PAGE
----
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Wednesday, December 21, 2011

What Tarek Mehanna Isn't

American citizen Tarek Mehanna's lawyers managed to convince many in the media that his prosecution as a terrorist was all about the First Amendment and U.S. attitudes toward Muslims.

A Boston jury did not agree, on Tuesday convicting Mehanna of material support to Al Qaeda and lying to federal investigators.

One can forgive the defense team for thinking that First Amendment martyrdom was the smart approach. Faced with an overwhelming amount of evidence as to Mehanna's words and actions, they decided the only way to do their job was to undermine the fundamental nature of the charges. The strategy failed, but that doesn't mean they had any better options.

The phrase "budding Islamic scholar" has now become ubiquitous in media descriptions of Mehanna, a phrase the defense used in an effort to normalize Mehanna's indisputably radical beliefs and actions as a normal, even respected part of Islam.

If Glenn Beck put forth the idea that Islamic scholarship included praising the 9/11 hijackers, gloating and laughing at Ground Zero, and celebrating the immolation of American soldiers as "Texas barbecue," he would rightfully be lambasted by sensible people.

But when Mehanna himself advances that argument, through his defense team, people who say they have the best interests of American Muslims at heart should take a deep breath and think about whether they want to co-sign that assertion.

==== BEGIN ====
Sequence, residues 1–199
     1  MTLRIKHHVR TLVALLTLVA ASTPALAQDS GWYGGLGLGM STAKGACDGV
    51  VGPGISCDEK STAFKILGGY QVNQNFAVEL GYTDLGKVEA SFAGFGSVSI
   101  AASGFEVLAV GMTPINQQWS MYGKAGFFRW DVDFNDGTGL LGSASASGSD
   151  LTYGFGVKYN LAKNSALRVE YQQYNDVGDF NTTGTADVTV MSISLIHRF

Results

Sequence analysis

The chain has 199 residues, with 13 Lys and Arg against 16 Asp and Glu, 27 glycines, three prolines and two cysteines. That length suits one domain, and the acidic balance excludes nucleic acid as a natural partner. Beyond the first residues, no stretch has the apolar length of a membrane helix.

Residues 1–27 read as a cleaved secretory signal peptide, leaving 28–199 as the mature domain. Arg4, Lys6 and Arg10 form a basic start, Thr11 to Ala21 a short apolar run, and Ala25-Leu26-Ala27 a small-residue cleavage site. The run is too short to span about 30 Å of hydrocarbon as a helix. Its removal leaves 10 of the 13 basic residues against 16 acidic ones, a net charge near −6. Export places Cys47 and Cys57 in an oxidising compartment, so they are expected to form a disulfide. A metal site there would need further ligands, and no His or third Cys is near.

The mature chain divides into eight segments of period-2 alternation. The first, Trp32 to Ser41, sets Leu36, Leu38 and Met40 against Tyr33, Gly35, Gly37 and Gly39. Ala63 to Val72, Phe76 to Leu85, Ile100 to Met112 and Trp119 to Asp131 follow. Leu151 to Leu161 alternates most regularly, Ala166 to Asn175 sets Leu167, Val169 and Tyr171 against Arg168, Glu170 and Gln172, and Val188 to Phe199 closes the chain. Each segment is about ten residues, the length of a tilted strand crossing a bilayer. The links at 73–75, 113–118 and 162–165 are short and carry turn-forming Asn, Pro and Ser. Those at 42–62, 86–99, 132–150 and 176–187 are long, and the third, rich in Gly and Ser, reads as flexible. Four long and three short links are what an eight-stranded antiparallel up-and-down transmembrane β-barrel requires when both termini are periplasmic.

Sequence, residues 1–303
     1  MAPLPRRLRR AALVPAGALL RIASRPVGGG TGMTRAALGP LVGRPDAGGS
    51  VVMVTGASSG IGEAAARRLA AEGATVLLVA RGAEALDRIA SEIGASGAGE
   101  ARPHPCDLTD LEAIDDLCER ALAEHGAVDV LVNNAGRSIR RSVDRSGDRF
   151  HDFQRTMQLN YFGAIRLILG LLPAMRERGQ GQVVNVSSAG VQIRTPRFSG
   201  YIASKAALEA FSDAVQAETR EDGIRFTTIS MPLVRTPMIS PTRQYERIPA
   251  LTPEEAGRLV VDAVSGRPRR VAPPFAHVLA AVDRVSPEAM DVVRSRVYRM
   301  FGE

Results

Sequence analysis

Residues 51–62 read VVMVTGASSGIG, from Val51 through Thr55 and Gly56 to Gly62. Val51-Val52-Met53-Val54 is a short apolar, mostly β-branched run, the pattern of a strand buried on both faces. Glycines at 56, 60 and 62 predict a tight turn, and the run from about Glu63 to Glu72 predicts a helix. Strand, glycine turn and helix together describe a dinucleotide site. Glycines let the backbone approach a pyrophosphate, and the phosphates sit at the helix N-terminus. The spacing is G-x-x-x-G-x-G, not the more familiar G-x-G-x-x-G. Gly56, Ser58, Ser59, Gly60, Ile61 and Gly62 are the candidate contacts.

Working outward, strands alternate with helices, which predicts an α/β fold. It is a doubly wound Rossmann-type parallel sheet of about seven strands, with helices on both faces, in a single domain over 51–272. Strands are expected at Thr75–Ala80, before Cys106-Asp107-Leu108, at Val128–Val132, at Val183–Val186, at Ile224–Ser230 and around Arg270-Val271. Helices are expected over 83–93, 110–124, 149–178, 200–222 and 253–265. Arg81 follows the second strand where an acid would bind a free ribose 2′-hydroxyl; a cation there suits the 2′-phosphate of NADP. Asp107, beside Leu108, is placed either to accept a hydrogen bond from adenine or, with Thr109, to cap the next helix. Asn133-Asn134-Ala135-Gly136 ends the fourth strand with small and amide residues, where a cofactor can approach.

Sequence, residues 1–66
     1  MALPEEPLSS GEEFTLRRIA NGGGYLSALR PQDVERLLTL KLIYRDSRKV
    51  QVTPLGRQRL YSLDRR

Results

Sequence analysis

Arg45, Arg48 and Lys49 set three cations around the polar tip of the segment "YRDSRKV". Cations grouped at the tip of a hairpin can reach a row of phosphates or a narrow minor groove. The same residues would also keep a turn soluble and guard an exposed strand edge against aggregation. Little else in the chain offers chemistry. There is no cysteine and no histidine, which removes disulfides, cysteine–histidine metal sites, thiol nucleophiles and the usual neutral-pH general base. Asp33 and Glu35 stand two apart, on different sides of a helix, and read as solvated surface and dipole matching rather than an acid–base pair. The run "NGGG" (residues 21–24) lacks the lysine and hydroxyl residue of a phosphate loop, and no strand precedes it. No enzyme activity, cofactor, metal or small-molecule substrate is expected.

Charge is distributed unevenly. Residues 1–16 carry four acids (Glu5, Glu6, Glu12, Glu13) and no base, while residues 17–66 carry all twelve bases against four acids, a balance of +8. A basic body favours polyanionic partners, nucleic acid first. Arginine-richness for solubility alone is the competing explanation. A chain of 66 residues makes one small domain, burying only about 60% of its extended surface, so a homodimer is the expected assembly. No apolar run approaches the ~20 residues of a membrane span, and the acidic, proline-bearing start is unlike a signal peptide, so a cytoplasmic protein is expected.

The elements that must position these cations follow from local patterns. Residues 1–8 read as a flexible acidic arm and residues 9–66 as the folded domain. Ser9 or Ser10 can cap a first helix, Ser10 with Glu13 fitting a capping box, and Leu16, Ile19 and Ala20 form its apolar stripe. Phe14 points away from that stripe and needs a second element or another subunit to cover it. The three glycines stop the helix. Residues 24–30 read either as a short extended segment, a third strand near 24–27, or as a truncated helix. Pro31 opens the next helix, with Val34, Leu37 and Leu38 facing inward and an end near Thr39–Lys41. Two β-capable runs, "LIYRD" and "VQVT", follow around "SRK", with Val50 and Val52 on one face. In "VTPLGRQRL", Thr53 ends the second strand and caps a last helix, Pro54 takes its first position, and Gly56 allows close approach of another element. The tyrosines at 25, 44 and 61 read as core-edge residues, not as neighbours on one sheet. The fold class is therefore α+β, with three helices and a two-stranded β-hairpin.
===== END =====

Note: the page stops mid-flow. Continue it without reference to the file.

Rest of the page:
It's one thing to advocate for the First Amendment and the protection of objectionable speech. It's quite another thing to defend an extremist by trying to normalize his behavior within a community that already has enough perception problems.

People of good conscience might differ on whether Mehanna should be considered a criminal, although I personally agree with the jury that his actions in total surpassed the scope of the First Amendment.

But the evidence submitted in court clearly shows that Mehanna was, by almost any interpretation, a hateful person who gloried violence. Defend his legal position if you must, but don't call him a "budding Islamic scholar" and don't allow him to wrap himself in the mantle of "ordinary American Muslim." He is not.

For much more about the Tarek Mehanna case, check out J.M. Berger's new book, Jihad Joe: Americans Who Go to War in the Name of Islam, on sale everywhere.

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INTELWIRE is a web site edited by J.M. Berger. a researcher, analyst and consultant covering extremism, with a special focus on extremist activities in the U.S. and extremist use of social media. He is a non-resident fellow with the Brookings Institution, Project on U.S. Relations with the Islamic World, and author of the critically acclaimed Jihad Joe: Americans Who Go to War in the Name of Islam, the only definitive history of the U.S. jihadist movement, and co-author of ISIS: The State of Terror with Jessica Stern.


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